FunPlus Phoenix (LPL)

For many people, FunPlus Phoenix came out of nowhere hitting the Worlds scene after winning the LPL Summer Split. Helmed by quirky mid laner Doinb, the team consisted of GimGoon, Tian, LWX and Crisp. They turned so many heads with a guerilla-style of play, constantly suffocating their opponents with unconventional, unselfish macro. They passed the group stage before going on a warpath, crushing out the dreams of Fnatic and Invictus Gaming (the defending world champions) in 3-1 series.

The only thing standing between FPX and a World's title was Europe’s G2. In a classic tale of East vs West, the results didn’t favor the hosting region as FPX dominated G2 with a 3-0 victory to raise the Summoner’s Cup. It was an underdog story of the ages, having been constantly torn down by analysts for having a “one-dimensional” playstyle. FunPlus Phoenix proved that you didn’t have to be the best at everything, you just had to be the best at something and be confident.

The FunPlus Phoenix (FPX) LoL team celebrating in confetti after winning the 2019 World Championship
In a happier time, China’s Summer Split champions were able to take their heavy underdog team all the way to a World Championship.

Throughout 2020, FPX couldn’t repeat their past victories, falling short every step of the way. They placed third in the LPL Spring season, second in the Mid-Season Cup, seventh/eighth in the Summer Split and lastly, fourth in the LPL Regional Qualifier. Another team struck by the champions’ curse, the reigning champs FPX wouldn’t be able to defend their title at Worlds.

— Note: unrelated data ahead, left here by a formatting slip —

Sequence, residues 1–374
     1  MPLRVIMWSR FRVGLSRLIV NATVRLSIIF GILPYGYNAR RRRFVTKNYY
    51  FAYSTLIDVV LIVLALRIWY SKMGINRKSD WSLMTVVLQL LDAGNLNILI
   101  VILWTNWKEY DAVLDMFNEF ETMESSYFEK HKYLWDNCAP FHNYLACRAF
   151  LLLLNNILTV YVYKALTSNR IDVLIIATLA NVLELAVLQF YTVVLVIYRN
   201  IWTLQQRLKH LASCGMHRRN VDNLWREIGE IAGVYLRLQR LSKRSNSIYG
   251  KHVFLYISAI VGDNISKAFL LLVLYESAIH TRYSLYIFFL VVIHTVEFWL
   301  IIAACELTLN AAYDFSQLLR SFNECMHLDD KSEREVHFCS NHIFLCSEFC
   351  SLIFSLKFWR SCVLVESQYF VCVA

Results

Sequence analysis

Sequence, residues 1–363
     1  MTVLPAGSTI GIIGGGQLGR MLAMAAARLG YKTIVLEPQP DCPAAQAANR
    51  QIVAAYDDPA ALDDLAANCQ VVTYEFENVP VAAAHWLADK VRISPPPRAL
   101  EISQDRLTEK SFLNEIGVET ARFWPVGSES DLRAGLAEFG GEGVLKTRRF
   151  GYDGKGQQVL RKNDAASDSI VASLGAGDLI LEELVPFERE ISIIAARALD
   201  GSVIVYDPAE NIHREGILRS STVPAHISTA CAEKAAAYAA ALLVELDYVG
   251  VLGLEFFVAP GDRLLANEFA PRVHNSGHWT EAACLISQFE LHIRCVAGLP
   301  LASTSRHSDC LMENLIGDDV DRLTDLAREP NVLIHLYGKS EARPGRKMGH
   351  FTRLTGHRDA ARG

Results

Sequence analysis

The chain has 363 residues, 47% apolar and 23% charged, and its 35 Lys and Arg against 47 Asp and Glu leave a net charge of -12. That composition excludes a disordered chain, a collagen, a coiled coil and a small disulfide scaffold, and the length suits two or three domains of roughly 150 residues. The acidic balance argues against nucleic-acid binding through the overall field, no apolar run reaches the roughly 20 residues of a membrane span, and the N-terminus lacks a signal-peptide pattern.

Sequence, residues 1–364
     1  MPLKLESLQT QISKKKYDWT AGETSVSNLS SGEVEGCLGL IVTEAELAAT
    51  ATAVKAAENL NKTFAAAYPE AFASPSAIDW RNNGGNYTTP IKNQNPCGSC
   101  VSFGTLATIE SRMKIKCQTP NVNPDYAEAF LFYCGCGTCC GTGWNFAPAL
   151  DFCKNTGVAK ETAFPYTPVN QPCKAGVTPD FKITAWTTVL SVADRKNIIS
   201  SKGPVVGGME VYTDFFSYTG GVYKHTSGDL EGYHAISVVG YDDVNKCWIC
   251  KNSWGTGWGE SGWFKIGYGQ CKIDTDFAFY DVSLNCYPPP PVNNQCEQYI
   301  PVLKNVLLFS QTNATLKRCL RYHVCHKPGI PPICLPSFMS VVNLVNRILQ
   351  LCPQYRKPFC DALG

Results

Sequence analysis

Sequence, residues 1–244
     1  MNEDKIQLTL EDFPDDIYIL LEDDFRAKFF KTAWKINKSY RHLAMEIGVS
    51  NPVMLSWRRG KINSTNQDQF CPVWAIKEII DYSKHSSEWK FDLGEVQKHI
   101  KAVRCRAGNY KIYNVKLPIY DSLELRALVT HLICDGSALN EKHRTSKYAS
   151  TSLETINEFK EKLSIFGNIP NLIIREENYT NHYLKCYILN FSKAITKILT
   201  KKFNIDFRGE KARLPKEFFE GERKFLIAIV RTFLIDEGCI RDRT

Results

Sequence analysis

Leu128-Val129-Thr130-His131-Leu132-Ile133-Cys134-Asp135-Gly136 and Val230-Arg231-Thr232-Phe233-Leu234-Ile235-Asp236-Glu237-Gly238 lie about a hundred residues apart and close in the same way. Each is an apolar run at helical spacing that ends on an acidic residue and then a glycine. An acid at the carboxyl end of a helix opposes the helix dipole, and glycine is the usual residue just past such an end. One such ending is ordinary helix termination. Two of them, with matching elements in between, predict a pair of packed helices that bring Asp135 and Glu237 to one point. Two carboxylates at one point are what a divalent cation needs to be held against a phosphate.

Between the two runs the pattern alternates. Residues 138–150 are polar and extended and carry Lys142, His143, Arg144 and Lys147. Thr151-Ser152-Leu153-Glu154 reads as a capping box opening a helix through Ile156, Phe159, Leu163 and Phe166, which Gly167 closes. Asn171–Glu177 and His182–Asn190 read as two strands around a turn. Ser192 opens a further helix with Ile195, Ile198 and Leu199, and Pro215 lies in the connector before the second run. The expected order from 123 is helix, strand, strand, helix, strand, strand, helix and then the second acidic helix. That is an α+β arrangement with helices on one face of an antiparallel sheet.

T1 (formerly SKT T1 of LCK)

Among the most heartbreaking of shortcomings comes in the way of T1 (formerly SKT T1). No matter where you come from in the League community, all know the name “Faker”. Despite a disappointing 2019, a reinvigorated T1 kicked 2020 with a Spring Split championship with a dominating 3-0 finale over Gen.G.

A graphic showing the T1 LoL players and staff with the T1 logo in front of them and the text 2020 LCK Spring Champions above
T1 won yet another domestic championship and showed promise moving into the Mid-Season Cup.

Things took a turn for the worst soon after with T1 placing seventh/eighth in the Mid-Season Cup. Signing new talent and tinkering with their roster over summer didn’t pay off either, ending a sad Summer Split with a fifth-place finish. Lacking the championship points to qualify to Worlds directly, T1 was forced into the gauntlet against other notable teams in KT Rolster, Afreeca Freecs and Gen.G Esports.

Hoping to join DAMWON Gaming and DRX at Worlds, T1 went on a desperate run through the regional qualifier. They found themselves in the finals after a 3-1 victory over Afreeca before losing to Gen.G in a shaky 3-0 series. T1 just simply didn’t seem like a top team in a region so full of talent despite many roster shake-ups and substitutions over the year.

All in all, these three teams suffered through disappointing themselves and their respective fans and regions. It's truly a sad thing to say that the 2020 League of Legends World Championships will not feature North America’s “hope” in Cloud9, China’s reigning world champions in FunPlus Phoenix or South Korea’s most decorated roster in T1.